Jim Tung has been involved with MathWorks for 31 of the company’s 35 years in business. The company specialises in data analysis and visualisation, and model simulation.
Mr Tung has held a variety of positions at the company, including vice president of marketing and vice president of business development. Now a MathWorks fellow, Mr Tung was in Galway recently and took time to discuss MathWorks and its role in education.
“MATLAB was born out of academia,” he said, referring to the development environment that is one of Mathworks’ flagship products. “It was used for teaching linear algebra. From the early days academia was a core market for us.”
MathWorks has worked with a whole range of clients across both traditional educational institutions and new providers, from researchers, universities, and textbook writers to online providers such as Coursera and EdX. The company has also now extended its reach to second level schools in the US, where MATLAB is giving students hands-on experience in practical STEM areas.
“Maths and science is theoretical,” Mr Tung explained. “The issue is, how do you retain students? If all they’re doing is learning formulas they will drop and move to another field. A lot of curricula has moved to be really application oriented.”
Even primary school age children have the opportunity to benefit from learning experiences using the company’s technology, though through more indirect avenues. MathWorks partners with museums around the world to create interactive displays that provide enhanced learning experiences for people of all ages.
“The objective is to have exhibits that include technology but are designed to be engaging,” he said. “For example in Boston, in the Hall of Human Life [in the Museum of Science] the displays use our software under the hood.”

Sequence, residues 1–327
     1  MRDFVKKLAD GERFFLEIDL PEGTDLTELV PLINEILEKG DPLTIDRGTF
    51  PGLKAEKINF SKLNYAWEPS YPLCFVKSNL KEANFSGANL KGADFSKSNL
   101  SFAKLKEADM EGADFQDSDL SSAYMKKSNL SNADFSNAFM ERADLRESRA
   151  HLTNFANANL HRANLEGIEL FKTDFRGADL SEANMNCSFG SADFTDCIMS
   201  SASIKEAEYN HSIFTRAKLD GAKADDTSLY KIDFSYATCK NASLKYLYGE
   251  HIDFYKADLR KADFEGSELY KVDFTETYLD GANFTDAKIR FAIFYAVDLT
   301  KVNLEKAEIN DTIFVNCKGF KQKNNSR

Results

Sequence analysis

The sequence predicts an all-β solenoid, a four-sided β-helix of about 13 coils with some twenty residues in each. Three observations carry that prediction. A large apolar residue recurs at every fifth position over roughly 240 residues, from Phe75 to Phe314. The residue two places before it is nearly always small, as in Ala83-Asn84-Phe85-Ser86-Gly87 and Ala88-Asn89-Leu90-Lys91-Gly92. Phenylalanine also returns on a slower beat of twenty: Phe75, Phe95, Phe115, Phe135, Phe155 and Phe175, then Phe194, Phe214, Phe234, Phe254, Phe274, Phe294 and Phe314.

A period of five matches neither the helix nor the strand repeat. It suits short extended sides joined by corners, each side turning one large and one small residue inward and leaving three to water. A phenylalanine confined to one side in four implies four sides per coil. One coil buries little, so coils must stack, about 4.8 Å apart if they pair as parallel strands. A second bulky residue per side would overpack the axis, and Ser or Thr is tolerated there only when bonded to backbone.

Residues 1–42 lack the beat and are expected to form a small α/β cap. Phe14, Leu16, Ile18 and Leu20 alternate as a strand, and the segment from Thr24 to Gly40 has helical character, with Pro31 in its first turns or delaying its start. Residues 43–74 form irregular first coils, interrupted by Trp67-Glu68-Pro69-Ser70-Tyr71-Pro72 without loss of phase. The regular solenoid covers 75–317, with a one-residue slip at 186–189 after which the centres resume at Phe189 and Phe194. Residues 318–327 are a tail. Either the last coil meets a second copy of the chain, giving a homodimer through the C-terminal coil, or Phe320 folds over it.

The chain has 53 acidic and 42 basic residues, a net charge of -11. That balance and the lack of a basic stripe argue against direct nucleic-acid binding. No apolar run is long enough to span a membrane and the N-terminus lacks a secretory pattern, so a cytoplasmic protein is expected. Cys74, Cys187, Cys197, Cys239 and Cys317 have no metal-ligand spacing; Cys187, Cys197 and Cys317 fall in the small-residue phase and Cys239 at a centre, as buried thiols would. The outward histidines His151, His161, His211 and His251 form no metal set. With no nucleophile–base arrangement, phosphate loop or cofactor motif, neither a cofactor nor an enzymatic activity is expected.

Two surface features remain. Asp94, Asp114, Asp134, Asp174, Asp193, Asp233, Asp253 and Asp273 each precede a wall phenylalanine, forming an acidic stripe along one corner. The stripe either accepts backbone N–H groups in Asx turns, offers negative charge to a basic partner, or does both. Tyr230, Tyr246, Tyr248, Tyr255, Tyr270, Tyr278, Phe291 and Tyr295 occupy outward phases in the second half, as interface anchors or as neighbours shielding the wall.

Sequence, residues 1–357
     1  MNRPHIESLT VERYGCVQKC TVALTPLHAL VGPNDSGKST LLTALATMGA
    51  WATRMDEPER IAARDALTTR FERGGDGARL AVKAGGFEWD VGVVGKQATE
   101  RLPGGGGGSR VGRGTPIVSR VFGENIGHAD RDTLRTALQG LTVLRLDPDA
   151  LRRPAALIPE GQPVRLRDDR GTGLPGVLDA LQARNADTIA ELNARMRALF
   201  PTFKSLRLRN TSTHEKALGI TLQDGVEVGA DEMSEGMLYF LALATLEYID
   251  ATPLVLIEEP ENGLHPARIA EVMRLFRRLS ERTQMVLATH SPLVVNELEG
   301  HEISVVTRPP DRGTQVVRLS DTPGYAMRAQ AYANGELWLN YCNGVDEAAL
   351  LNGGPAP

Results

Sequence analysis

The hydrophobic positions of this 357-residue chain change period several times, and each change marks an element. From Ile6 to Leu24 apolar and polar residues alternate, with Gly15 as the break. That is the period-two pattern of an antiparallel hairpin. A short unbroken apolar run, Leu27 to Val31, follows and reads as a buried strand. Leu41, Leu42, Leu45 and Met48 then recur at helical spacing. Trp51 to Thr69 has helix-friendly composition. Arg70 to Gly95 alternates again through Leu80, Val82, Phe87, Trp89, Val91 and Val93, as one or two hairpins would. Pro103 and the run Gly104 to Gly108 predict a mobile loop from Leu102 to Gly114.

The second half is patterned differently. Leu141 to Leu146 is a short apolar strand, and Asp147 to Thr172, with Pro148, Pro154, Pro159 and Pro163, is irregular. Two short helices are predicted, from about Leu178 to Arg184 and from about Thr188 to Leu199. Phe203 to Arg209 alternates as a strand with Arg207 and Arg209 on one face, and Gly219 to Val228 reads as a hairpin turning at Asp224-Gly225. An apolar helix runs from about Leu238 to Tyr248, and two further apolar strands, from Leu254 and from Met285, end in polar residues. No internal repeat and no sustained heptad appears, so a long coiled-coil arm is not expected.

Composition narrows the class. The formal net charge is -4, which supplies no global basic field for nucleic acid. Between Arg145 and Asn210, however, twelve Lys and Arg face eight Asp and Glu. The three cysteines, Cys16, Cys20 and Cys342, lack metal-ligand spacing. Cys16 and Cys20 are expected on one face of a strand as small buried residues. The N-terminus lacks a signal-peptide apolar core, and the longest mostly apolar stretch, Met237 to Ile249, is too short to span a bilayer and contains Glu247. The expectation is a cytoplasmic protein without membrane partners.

MATLAB has been used in disciplines as diverse as chemistry, the Human Genome Project, and medical devices including hearing aids, insulin pumps, smart pumps, and prosthetics.
The platform can also be used to encourage tinkering in students who are learning how to apply their learning within a STEM discipline, something that the company is seeing more and more through both practical work and competitions designed to encourage practical exploration.
“Engineering and science are now team oriented,” Mr Tung said. “There are more and more competitions that take place that are about solving a problem as a team, and how to present it and explain it to people who are not experienced in that area.”
“So for example, General Motors said, how can we influence how engineering is taught, so people coming out, who you’re hiring, know what it’s like? So they developed an ecocar competition, which challenges us to create a more ecologically sustainable vehicle. We work with General Motors and the US Department of Energy to make the competition happen.”
This competition, called the EcoCar Mobility Challenge, sees teams in universities around the US compete to improve the energy efficiency of a Chevrolet Blazer. It is just one of the ways in which STEM subjects are integrating practical applications alongside the more traditional theory-led approach to education.
A lot of universities around the world, starting about 20 years ago, realised that students need more hands-on work.
“There’s much more of an emphasis on engineering in first year,” Mr Tung said of this move. “It’s not about the theory and equations, it’s about, what’s it like to be an engineer? What do they do? What kind of products do they create?” This change has been slow, he said, but it has been happening for some time.